Although stressing that discussion on commons is incomplete without community, previous studies (e.g. Berkes et al. 1989; Mies 2014) neglected to explain the various internal relations of the communities considered. Here, we tentatively posit the idea that development of a community-building process based on shared practices in relation to the creation and/or management of resources is the first aspect to look for commons understood in terms of production (Ruiz-Ballesteros and Gual 2012). The very fact that the community developed (and continues to do so) with the resource creation itself can be taken as denoting a degree of commons-based production system. All these characteristics – the horizontal and inclusive internal dynamics leading to bottom-up flow, volunteerism and autonomy – are recognisably democratic at a fundamental level, and thus contiguous with an intuitive sense of what we imagine of the common (and, indeed, with what we want from this notion). It is an imperative for any commons-based production that the internal dynamics of the community operate in a non-hierarchical, horizontal and inclusive way (Harvey 2012).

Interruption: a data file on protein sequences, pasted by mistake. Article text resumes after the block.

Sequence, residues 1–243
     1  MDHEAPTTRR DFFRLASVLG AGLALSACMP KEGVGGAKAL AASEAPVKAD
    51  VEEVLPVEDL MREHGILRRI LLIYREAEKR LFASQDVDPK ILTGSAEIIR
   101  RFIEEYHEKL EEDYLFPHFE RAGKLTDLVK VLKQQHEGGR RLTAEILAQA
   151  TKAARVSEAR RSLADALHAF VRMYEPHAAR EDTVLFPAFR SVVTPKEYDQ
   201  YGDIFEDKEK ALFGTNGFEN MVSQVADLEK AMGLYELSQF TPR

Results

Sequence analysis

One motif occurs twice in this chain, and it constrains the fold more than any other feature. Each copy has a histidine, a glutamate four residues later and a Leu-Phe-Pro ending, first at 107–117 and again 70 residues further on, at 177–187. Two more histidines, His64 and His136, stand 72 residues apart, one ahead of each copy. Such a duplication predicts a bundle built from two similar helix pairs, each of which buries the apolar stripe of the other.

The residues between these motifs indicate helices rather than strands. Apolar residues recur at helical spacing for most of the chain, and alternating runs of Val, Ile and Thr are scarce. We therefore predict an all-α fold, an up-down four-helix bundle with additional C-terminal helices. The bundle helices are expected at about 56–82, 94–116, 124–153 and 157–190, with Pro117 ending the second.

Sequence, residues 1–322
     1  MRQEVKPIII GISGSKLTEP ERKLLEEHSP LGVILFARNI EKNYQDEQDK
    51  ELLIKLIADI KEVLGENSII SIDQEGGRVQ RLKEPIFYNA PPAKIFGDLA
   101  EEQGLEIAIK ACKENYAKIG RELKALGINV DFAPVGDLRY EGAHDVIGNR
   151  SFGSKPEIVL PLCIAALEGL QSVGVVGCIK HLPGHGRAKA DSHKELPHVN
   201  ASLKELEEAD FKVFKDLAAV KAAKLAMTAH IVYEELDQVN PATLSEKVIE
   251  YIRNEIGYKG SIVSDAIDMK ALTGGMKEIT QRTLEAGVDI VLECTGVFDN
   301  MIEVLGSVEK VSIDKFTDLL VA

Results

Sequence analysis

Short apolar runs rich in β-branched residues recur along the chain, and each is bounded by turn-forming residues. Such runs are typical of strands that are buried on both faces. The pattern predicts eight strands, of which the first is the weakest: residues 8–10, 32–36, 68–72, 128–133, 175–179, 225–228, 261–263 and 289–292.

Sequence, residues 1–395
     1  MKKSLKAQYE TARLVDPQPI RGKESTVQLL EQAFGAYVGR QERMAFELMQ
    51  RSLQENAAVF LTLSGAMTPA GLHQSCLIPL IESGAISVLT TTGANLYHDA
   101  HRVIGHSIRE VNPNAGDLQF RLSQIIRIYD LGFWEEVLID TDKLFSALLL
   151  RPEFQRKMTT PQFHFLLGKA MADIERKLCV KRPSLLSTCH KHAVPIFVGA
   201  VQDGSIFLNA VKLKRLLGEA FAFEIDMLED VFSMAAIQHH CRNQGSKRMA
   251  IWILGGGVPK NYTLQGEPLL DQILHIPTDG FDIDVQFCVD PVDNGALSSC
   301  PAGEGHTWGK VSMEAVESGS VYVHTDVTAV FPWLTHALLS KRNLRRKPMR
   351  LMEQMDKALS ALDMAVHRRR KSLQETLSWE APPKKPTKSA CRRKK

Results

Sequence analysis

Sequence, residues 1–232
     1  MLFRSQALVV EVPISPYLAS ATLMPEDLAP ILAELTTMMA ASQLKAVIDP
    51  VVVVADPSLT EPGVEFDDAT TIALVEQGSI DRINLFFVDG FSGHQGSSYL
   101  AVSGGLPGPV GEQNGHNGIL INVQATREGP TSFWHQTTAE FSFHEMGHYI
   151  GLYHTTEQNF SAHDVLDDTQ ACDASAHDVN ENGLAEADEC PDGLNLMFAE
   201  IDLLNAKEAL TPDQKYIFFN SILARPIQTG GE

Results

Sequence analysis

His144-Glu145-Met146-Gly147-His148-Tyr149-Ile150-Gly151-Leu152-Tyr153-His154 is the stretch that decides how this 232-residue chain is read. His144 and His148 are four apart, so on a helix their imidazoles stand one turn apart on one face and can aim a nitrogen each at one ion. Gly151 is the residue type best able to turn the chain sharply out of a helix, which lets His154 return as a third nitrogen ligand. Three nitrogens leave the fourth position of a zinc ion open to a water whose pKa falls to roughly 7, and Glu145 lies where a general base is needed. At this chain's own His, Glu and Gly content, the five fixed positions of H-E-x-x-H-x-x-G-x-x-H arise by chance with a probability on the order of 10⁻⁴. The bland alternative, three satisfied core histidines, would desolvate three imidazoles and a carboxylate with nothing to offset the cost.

5.2. Perspectives for commons as production system
The following features of commons as production system are discerned from the empirical analysis of the development process of the Sahbhagi Dhan variety and the research community. This section also addresses some of the criticisms of the dominant discourse on commons. These are also some perspectives in which direction the commons scholarship should continue to explore.
5.2.1. Non-state and non-market realm of existence